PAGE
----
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Family President intervenes to halt plan to hold final hearing remotely into allegations of factitious illness

The President of the Family Division has ruled that a planned 15-day hearing into allegations made by a local authority that a young child has been caused significant harm as a result of fabricated or reduced illness (FII) should not take place remotely.

In P (A Child: Remote Hearing), Re [2020] EWFC 32 Sir Andrew McFarlane said the proceedings concerning a seven-year-old girl were issued as long ago as April 2019. Contested private law proceedings had been going on “for a good deal longer than that”.

The issues are all fully contested by the mother. “It is, in every sense, a full final hearing,” Sir Andrew said.

The hearing, which had been scheduled for 20 April, was to be a roll-up hearing in the sense that the judge was being invited not only to determine the factual issues that were in play but to go on then, at the same hearing, to fix the final care plan for this child.

The options were that the child should return to the mother – that is the mother's case – or be placed elsewhere. As the Family President understood it, the principal suggestion was that that should be in foster care.

A serious attempt to achieve a final hearing of the matter had been made in the autumn of last year, but that had to be aborted.

The hearing was therefore the second time that the seven year old girl had come to understand that a judge was imminently about to determine her future care arrangements.

The hearing was fixed to be undertaken by a circuit judge. However, since it was arranged, the Covid-19 pandemic had led to a lockdown and led to most Family Court hearings that have gone ahead being undertaken remotely, over the telephone or via some form of video platform.

The case came before the court for a case management hearing on 13 March. By the time the case came back before the judge for the final pre-trial review, on 3 April, the lockdown implemented by the Government had come to pass.

The Family President said that counsel at the hearing before him had explained that at the hearing on 3 April all parties, and the judge, effectively accepted that this hearing would now have to go ahead and be conducted remotely.

Sir Andrew was told that all parties and the court had been influenced by the publication, shortly before 3 April, of advice produced by Mr Justice MacDonald on the conduct of remote hearings which gave an account [at paragraph 2.2.1] of a number of remote hearings that had been successfully accomplished in the early days following the lockdown.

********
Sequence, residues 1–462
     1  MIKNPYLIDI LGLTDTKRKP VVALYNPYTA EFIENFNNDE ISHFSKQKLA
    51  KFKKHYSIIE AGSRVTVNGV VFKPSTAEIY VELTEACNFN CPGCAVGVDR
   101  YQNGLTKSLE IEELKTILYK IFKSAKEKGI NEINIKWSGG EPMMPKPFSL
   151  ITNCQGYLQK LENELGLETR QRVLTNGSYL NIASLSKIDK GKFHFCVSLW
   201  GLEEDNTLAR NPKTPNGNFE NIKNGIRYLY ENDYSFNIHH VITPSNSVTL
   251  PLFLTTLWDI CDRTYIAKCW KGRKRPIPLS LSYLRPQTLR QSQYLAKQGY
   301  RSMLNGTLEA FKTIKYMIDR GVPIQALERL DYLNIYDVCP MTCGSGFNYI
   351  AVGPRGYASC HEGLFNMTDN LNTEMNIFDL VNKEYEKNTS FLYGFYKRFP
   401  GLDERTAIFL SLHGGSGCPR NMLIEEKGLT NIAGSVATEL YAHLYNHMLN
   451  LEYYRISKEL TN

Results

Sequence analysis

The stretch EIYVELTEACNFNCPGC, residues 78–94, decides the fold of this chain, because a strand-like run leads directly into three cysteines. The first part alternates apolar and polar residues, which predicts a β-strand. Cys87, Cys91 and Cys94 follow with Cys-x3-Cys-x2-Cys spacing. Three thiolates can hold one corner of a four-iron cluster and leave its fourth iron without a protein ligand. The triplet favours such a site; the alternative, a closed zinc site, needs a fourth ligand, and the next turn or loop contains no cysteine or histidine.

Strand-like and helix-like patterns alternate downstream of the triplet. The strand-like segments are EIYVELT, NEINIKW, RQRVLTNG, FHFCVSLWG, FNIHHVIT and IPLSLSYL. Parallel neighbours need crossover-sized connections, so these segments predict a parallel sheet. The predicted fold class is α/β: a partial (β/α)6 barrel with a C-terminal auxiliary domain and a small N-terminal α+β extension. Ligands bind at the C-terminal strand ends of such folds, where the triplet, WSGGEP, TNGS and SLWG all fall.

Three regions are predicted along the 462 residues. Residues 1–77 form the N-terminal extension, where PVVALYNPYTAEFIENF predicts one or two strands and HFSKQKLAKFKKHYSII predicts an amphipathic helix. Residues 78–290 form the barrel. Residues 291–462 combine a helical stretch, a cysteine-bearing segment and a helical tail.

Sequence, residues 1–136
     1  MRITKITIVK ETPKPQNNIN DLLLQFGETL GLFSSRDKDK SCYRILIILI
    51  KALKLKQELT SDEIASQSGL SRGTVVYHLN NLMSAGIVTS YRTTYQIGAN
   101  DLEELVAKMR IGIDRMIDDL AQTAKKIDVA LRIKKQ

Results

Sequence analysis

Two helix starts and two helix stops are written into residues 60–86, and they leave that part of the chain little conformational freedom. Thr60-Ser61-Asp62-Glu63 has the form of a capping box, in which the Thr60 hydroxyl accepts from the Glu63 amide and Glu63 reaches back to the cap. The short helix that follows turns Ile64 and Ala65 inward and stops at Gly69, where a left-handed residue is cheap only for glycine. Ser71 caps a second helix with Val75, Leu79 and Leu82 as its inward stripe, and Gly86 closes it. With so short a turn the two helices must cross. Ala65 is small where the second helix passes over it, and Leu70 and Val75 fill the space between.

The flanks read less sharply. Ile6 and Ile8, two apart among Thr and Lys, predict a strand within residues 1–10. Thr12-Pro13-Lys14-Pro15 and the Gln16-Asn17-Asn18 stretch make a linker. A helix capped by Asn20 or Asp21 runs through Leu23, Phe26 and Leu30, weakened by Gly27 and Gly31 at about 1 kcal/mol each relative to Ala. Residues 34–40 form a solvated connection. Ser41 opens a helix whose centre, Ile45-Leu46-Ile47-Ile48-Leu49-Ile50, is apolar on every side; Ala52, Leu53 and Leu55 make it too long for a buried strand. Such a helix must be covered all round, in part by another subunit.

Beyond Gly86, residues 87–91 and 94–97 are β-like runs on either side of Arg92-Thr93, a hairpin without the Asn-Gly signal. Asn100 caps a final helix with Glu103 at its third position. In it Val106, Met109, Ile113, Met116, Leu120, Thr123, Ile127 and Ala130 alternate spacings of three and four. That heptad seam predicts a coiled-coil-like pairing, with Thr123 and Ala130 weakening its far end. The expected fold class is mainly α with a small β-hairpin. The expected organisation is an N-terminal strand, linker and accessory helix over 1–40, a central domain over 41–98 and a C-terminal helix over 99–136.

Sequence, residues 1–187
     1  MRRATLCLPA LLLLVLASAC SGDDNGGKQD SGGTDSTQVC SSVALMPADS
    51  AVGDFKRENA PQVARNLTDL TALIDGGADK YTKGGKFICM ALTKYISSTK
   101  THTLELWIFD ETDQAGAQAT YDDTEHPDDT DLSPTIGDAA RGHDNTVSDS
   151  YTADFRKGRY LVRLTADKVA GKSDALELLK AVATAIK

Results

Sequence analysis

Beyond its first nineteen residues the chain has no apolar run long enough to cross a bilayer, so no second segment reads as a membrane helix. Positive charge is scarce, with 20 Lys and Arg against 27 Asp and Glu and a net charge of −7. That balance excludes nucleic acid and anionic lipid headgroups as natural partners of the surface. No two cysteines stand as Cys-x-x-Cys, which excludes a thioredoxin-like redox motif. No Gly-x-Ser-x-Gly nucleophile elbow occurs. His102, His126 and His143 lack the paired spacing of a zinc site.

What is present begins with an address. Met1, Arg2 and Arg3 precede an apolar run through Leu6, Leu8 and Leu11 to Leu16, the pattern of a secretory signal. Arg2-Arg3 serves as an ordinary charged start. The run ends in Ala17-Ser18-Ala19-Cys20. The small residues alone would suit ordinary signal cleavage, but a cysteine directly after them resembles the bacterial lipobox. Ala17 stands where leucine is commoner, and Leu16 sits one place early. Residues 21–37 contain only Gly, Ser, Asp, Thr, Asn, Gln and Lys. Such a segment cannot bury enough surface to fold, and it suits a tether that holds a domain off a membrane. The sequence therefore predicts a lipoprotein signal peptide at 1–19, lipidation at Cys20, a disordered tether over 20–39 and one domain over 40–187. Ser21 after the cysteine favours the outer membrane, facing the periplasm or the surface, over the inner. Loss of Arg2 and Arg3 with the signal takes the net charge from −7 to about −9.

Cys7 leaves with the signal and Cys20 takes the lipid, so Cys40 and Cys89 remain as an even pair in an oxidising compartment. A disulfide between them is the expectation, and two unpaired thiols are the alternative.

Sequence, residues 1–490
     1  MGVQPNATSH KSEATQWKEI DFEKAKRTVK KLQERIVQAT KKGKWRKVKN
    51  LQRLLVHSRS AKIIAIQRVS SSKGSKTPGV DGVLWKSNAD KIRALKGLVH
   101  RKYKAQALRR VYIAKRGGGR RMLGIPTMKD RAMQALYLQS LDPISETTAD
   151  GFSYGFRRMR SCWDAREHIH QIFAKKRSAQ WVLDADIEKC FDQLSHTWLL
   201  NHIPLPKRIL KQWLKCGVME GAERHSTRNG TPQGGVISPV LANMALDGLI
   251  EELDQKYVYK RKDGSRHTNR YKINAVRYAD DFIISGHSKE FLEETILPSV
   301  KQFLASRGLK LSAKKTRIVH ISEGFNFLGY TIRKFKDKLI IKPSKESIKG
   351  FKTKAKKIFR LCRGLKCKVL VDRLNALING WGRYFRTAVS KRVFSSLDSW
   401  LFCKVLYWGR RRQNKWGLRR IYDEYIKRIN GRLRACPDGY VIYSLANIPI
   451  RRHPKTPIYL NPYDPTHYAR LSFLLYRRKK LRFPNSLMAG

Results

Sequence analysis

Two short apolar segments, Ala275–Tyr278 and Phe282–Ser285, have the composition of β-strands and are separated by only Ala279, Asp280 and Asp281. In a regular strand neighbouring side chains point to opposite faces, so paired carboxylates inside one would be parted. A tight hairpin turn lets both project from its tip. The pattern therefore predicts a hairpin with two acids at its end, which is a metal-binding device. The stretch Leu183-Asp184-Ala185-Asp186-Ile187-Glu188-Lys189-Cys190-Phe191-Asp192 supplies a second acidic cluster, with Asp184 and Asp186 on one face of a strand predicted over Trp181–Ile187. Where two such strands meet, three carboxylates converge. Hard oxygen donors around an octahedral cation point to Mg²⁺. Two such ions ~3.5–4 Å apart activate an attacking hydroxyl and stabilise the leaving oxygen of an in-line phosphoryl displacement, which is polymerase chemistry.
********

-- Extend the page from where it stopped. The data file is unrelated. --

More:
The Family President said: “It would seem that those involved in this case read that advice as indicating that all hearings must now proceed as remote hearings and, I was told, the discussion during the hearing was about how the remote hearing would be conducted and not whether it should be heard remotely.

“If that was the understanding of MacDonald J's document, it was a misunderstanding. MacDonald J's document is firmly aimed at the mechanics of the process; it does not offer guidance, let alone give direction, on the wholly different issue of whether any particular hearing should, or should not, be conducted remotely. Establishing that a hearing can be conducted remotely, does not in any way mean that the hearing must be conducted in that way.” [President's emphasis]

There was, therefore, no application to adjourn the hearing on the basis that there should not be a remote hearing. The judge did, however, hear an application for the hearing to be postponed on the basis that the mother, it was said, had contracted the Covid-19 virus infection herself and would not be fit to take part in the court process.

The judge did not accede to that application at that stage but indicated that the mother's health and her ability as a result of her health to engage in the court process would be kept under review.

Arrangements, therefore, went ahead for the compilation of an electronic bundle – that has been done – and for the hearing to be set up to be undertaken over the Skype for Business platform.

Arrangements were made for the mother to engage in the process, including through subscription to a wi-fi dongle so as to enhance her internet connection. Her counsel anticipated having a break either after the evidence-in-chief or at the end of each witness's evidence, so that they could take confidential instructions from the mother over the telephone or over Zoom or a separate video link.

That was the way in which the hearing was being constituted and planned for until the middle of last week.